The recently completed Le Gray Hotel in Beirut is the last project I worked on with Kevin Dash. It is operated by Gordon Campbell Gray, who's behind the One Aldwych and several other high-end hotels. The hotel is in a conservation area with very strict guidelines governing the exterior appearance of the building down to materials, details and massing. The hotel takes its cues from UFA building next door, matching the facade lines and providing a modern interpretation of the older building allowing the building from outside to fit within the urban context.
The story is different on the inside, a large conical atrium creates a large internal space topped by a 'lantern', a suspended timber and glass cylinder housing a bar on the last floor. The atrium lines are defined by closely-stacked timber shelves giving it an abstract quality. The top floor provides generous roof terraces covered by a radial timber structure and provides the special spaces within the hotel. There is a restaurant, two bars, a gym, and a delicately-detailed swimming pool with an infinity edge looking towards the sea. The glass detailing allows for continuity between the internal and external spaces which the over-hanging roof emphasizes.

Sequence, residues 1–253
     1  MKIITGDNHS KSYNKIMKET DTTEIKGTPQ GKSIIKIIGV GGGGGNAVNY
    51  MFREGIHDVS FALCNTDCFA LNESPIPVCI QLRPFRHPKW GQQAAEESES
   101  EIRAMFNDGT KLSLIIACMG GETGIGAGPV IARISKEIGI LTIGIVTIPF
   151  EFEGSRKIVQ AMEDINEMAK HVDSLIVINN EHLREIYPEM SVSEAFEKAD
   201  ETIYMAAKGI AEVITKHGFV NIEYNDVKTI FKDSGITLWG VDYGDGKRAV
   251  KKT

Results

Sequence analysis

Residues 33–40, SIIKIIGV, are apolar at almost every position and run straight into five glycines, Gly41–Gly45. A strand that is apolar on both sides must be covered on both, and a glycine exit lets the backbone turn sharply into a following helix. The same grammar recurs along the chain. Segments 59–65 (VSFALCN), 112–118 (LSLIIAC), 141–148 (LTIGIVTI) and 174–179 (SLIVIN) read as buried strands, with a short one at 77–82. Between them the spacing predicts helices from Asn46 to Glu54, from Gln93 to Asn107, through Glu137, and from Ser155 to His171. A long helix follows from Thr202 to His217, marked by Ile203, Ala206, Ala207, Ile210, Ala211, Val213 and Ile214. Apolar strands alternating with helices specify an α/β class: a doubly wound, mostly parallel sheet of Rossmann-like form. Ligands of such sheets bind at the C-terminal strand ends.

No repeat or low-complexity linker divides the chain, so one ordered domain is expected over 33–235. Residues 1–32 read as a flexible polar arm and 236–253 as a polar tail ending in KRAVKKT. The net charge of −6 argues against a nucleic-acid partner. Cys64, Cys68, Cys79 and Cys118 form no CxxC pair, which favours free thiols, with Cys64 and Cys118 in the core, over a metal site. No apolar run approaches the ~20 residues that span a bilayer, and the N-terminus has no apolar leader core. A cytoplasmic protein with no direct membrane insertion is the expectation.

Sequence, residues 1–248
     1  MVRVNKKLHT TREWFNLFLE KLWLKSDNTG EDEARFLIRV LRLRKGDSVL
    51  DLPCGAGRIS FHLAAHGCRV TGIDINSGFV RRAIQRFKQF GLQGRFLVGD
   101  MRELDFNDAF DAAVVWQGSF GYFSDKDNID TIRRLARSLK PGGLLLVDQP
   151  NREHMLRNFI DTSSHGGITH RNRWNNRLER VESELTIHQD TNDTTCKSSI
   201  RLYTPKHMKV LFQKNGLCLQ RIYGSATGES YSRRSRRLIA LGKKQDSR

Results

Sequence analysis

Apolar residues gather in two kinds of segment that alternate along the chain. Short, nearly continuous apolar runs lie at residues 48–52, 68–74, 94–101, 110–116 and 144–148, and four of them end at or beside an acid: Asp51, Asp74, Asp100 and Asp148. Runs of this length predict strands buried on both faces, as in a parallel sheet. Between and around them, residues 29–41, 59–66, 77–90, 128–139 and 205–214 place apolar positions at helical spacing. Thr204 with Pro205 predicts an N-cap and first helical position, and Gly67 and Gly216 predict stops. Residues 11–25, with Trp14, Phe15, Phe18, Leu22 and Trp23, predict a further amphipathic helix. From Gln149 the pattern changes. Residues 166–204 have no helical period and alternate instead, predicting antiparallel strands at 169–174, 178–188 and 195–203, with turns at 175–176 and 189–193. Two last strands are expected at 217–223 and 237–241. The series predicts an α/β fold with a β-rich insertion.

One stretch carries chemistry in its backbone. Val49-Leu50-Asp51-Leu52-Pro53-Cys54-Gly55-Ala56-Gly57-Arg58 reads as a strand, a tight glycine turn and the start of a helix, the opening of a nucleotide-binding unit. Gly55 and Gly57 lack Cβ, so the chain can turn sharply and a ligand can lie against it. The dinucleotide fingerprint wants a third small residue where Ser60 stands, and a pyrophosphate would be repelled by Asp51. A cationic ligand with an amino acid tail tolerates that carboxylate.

Towards the back, the hotel faces the 'Garden of Forgiveness', which is yet to materialise, revealing more of the 'lantern' and the roof structure. On the east side, the hotel overlooks Martyrs' Square and on the west it can be seen through the denser arrangement of French mandate-era buildings around Place d'Étoile. Together with the other buildings that I worked on with Kevin Dash in the SOLIDERE, Banque Audi Plaza and the Gold Souks, it's one of the more successful attempts at integrating the building within the urban context while animating the interior with bold spatial moves.
I took those pictures back in November when the hotel was almost complete, the landscaping around is still missing and somebody has stuck an extra mechanical room on top of the east facade because these things just happen in Beirut.